“She was on a scooter for eight weeks,” Zempolich said. “It was almost an out-of-body experience where her body didn’t know what was going on, and I don’t think her mind could comprehend it.”

Zempolich was out with a hip injury at the same time. She had also experienced mental health issues and became a safe space for Rodgers to open up just a little. The two had monthly dinners, and Rodgers went all out.

“She would be like, ‘What do you want?’ And I’d be like, ‘My mom makes this Ramen crunchy salad. I can try to find the recipe,’” Zempolich said. “Sure enough, I’d show up, and she’d be like, ‘I think I have it. Let me know what else you need.’ She’d get me my favorite fruit and wouldn’t let me get anything. She was that kind of a person.”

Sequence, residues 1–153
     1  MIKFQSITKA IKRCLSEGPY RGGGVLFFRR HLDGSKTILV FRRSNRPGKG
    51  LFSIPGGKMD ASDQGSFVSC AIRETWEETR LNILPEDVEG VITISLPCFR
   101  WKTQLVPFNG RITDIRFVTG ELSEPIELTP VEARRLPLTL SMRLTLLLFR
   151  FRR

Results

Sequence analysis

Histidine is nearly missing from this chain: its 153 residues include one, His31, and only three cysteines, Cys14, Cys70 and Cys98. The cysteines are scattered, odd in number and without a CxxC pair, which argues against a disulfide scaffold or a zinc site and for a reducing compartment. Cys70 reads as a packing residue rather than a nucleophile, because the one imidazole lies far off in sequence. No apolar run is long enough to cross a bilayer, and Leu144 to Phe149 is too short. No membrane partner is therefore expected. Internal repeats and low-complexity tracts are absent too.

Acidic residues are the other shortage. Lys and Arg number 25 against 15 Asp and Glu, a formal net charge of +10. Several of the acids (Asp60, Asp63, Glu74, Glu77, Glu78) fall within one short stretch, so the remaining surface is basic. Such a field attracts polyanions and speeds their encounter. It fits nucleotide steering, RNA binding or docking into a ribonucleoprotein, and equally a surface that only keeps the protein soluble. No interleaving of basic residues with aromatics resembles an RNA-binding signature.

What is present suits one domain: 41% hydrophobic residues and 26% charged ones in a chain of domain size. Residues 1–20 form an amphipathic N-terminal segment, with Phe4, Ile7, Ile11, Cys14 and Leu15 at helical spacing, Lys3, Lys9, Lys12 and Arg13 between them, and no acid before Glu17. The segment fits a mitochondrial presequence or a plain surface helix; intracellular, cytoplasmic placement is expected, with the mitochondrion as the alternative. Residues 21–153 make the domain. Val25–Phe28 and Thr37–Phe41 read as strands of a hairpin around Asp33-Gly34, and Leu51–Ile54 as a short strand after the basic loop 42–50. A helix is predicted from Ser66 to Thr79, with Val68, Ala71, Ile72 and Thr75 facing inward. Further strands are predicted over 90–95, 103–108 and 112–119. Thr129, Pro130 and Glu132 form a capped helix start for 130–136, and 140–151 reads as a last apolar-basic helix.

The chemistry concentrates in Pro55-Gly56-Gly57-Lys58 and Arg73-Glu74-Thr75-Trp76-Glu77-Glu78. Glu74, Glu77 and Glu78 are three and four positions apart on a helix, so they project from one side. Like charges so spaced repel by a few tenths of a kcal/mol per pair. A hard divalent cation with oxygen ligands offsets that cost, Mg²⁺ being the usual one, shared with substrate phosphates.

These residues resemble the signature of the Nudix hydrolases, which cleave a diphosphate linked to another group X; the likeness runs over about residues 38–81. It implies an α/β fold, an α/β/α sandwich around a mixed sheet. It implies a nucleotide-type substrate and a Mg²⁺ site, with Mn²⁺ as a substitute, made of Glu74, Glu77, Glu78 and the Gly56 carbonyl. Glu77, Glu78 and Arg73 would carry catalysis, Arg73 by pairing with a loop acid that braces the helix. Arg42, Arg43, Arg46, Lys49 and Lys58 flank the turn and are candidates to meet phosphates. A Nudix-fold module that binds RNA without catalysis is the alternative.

“Our main goal was that we don’t want anyone else to lose their Morgan.”

— Kat Zempolich

Rodgers was all about taking care of others. But Zempolich says she continued to struggle to care for herself. Though she could get her to talk a bit, Rodgers often shut down if another person was disappointing her. She didn’t want to speak poorly of anyone, so she buried the pain. And she was still experiencing physical pain. Her recovery wasn’t smooth sailing. When Duke head coach Kerstin Kimel suggested she take a leave before her junior season, she did.

It was a setback that seemed to have a silver lining. Zempolich coached with Rodgers that summer, and she seemed better than before.

“She was moving around and had this air about her,” Zempolich said. “I was like, ‘Hell yeah, Morgan is back.’”

But when Rodgers got back to campus, she regressed again. She ultimately left the team. Unable to give up the sport she loved and shined at for so long, she started playing club. It seemed like the perfect fit.